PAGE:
US President Barack Obama on Friday makes his first major post-election intervention in a fast building showdown with Republicans over a tax and spending quagmire that could spark a recession.
Obama was to lay out his high pressure gambit in a statement from the White House on the so called "fiscal cliff" -- $600 billion worth of automatic budget cuts and expiring tax cuts due to come into force on January 1.
The president and Republicans are groping towards a deal which could avert catastrophic economic damage in the changed political atmosphere following the president's re-election triumph on Tuesday.
But they appear fundamentally divided on principle. Obama won a second term by campaigning on a platform of rising taxes on the richest Americans but Republicans rule out tax increases and want cuts to cherished social programs.
Obama was not expected to lay out significantly new proposals, but his statement, at 1 pm (1700 GMT) from the White House, will be crucial to setting the tone of intense, looming negotiations.
Republican House Speaker John Boehner, who will be Obama's ultimate opposite number in fiscal cliff negotiations, said Friday that the onus for averting the crisis lay with the president.
"This is an opportunity for the president to lead," Speaker of the House John Boehner told reporters 90 minutes before Obama was due to speak.
"This is his moment to engage the Congress and work towards a solution that can pass both chambers."
"I'm proposing we avert the fiscal cliff together in a manner that ensures that 2013 is finally the year that our government comes to grips with the major problems facing us," Boehner said.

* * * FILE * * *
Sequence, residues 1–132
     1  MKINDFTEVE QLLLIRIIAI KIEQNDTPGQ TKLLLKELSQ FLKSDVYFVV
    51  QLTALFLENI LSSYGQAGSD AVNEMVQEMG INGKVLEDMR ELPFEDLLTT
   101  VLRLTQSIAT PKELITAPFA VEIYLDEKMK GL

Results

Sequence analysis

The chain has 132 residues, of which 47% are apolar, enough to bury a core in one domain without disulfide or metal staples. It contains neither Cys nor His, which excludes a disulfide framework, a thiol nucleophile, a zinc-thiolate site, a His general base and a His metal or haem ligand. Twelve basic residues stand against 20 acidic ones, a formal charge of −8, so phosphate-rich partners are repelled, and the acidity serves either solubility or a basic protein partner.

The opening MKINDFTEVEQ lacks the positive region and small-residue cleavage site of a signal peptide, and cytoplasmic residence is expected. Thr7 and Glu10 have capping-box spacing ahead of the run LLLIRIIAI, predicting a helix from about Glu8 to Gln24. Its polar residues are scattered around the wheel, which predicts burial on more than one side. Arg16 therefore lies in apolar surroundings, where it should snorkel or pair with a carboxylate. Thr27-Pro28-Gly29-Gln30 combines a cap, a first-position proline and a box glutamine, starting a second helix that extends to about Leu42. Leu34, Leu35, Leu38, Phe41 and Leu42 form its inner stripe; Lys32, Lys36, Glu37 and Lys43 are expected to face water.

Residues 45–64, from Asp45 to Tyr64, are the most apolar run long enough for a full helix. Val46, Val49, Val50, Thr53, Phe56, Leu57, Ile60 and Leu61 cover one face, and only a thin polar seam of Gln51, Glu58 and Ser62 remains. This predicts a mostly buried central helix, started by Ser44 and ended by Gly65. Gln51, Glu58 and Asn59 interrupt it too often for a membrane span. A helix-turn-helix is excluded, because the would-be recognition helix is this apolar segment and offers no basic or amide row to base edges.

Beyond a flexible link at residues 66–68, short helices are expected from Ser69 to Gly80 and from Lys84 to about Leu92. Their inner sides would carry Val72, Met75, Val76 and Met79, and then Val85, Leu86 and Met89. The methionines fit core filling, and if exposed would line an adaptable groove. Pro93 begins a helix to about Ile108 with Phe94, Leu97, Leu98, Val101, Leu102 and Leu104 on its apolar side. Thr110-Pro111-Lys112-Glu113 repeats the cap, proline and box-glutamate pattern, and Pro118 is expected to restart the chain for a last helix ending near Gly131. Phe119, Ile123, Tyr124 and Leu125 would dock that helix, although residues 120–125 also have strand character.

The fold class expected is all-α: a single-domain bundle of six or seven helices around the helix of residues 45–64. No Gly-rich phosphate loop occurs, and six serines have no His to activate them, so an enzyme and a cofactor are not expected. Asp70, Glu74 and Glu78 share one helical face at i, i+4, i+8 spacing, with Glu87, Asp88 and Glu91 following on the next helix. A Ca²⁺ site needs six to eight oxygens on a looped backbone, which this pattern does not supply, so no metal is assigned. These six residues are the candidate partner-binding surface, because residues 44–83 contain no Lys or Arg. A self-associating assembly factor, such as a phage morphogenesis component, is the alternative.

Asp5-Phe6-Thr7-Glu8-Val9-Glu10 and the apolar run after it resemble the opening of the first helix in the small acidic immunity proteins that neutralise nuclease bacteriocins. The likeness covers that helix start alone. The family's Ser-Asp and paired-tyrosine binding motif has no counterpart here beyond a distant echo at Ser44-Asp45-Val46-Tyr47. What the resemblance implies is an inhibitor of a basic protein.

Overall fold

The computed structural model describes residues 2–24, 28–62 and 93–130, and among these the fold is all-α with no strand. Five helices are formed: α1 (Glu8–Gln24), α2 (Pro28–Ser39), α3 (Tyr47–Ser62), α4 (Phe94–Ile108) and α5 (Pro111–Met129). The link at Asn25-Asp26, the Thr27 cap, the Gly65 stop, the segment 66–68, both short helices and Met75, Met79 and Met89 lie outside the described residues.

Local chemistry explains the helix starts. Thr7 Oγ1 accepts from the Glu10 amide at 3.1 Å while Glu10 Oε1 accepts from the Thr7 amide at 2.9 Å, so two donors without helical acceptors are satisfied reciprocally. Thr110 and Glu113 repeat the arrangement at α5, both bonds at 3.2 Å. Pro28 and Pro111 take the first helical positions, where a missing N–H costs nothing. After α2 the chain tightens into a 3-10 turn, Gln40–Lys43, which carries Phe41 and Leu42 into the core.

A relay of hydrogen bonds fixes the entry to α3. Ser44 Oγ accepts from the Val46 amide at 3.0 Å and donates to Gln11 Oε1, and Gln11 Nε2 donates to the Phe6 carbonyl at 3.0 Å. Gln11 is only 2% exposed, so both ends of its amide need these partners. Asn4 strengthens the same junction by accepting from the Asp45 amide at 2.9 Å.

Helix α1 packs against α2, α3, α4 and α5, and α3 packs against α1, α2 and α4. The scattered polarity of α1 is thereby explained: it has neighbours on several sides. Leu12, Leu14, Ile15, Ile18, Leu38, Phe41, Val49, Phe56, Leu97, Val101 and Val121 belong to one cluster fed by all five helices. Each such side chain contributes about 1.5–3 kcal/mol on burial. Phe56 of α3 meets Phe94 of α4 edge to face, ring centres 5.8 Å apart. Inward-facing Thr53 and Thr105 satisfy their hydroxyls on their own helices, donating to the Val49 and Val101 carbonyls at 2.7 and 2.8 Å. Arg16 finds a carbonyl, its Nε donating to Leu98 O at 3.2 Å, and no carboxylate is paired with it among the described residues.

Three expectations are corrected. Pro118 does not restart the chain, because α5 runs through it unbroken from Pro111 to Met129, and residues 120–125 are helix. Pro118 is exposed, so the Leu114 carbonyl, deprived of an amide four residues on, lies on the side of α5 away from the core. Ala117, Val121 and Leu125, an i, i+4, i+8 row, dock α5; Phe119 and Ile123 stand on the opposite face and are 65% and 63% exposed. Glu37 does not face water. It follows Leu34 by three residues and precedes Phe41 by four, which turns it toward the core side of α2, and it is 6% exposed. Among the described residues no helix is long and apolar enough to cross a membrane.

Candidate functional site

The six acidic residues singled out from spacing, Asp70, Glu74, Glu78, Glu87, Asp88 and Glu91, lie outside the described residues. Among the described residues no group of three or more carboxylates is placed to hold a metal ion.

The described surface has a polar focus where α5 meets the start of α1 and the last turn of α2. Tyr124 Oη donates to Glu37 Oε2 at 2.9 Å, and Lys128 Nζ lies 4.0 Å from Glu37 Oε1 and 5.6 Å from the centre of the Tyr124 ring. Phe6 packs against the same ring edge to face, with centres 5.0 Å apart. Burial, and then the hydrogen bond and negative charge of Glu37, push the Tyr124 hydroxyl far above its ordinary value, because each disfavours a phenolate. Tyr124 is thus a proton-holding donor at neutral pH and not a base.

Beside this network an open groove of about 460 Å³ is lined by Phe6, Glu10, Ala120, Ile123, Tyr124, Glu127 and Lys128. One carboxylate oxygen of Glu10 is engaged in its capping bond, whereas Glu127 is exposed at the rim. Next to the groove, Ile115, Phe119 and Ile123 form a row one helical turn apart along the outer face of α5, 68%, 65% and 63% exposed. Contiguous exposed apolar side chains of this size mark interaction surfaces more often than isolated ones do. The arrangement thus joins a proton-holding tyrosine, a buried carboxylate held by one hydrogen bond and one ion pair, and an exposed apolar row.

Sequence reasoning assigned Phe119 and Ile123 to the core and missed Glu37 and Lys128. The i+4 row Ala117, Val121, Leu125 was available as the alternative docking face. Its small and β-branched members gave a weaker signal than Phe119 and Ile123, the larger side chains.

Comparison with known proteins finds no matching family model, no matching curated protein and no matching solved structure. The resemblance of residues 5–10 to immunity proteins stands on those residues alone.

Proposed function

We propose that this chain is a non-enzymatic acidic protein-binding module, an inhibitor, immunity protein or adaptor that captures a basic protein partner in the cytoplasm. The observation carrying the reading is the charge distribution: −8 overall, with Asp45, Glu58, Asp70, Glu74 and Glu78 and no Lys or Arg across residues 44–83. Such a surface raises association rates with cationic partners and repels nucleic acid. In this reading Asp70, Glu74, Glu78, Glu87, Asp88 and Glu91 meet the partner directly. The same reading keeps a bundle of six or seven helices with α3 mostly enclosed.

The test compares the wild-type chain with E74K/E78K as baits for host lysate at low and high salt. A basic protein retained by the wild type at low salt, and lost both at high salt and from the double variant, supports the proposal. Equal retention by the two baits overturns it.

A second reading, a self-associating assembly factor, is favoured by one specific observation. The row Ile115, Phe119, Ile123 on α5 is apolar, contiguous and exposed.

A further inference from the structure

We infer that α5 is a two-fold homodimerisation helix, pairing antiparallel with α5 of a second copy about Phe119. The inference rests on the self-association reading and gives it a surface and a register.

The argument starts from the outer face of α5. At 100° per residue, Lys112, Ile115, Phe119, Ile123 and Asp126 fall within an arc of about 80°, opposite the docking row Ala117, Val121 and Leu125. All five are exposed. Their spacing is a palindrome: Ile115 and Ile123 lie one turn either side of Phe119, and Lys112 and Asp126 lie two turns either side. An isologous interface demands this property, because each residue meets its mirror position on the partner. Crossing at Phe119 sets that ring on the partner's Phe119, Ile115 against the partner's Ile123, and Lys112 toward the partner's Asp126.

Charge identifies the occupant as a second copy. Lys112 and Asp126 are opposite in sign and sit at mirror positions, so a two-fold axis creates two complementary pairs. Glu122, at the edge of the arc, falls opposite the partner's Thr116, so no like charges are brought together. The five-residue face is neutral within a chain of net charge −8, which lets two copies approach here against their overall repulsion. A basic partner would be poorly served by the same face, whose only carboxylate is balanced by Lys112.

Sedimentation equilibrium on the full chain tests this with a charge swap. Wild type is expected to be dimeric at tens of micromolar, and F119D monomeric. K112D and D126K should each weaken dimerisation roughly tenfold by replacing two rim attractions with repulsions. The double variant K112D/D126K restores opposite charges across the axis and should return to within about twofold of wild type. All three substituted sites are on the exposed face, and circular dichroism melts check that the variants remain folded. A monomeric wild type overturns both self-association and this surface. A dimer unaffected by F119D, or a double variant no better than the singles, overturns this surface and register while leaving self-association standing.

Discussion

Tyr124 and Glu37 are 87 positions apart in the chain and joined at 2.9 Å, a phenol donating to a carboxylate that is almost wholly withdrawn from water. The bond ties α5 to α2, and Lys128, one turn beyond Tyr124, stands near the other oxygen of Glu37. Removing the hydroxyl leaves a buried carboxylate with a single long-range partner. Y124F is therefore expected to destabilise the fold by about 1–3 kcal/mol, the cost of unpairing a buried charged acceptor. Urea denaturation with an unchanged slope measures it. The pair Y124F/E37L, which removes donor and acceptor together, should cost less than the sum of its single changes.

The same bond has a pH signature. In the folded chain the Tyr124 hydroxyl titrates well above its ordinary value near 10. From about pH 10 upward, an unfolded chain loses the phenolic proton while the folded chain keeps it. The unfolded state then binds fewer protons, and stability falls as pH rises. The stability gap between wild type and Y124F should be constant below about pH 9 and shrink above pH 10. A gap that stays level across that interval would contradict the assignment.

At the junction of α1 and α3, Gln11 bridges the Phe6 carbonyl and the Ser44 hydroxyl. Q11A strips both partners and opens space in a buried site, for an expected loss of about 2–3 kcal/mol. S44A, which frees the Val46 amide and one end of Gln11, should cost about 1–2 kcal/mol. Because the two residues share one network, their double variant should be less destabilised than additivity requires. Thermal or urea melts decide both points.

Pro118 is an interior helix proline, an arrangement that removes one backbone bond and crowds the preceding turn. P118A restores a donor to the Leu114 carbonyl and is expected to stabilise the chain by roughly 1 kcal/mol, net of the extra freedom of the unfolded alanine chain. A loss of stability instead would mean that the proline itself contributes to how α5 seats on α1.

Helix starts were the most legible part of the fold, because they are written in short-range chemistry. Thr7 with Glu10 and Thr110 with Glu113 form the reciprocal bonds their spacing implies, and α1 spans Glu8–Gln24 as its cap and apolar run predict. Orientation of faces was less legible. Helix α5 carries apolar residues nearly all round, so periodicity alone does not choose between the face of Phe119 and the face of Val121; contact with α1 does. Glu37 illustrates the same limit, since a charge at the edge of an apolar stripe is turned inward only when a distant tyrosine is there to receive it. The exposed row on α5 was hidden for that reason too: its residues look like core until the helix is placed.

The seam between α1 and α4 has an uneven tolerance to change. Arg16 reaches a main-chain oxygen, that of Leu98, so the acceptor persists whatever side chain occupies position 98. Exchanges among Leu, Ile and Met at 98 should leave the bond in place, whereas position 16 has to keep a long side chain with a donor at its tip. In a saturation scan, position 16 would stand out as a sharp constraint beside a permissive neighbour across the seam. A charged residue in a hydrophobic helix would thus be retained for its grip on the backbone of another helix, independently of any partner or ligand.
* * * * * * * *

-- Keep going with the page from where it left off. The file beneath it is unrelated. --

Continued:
But he reiterated his opposition to raising taxes on the wealthy as a way to slice into America's growing debt, saying "raising tax rates will slow down our ability to create the jobs that everyone says they want."
Boehner pointed to "special interest loopholes in the tax code, both corporate and personal," as well as deductions that could be eliminated as a way to raise revenue while not deterring investment.
Boehner has made clear that a comprehensive long-term plan for debt reduction was unlikely in the next seven weeks of the outgoing "lame duck" Congress, but that a short-term compromise could be achieved.
That was a challenge to Obama, who has previously opposed calls for a short-term fix that would just mean "kicking the can down the road."
The House leader has tried to appear conciliatory given Obama's cruise to victory in the election over Republican Mitt Romney, which replenished the president's political capital.
But Boehner sits atop a restive coalition of ultra-conservative Republican lawmakers and faces a tough sell in any deal that eventually includes any kind of tax hikes -- or "increased revenues" in government parlance.
The non partisan Congressional Budget Office warned this week that if the fiscal cliff is not averted, unemployment would rise to 9.1 percent from the current 7.9 percent by the end of next year.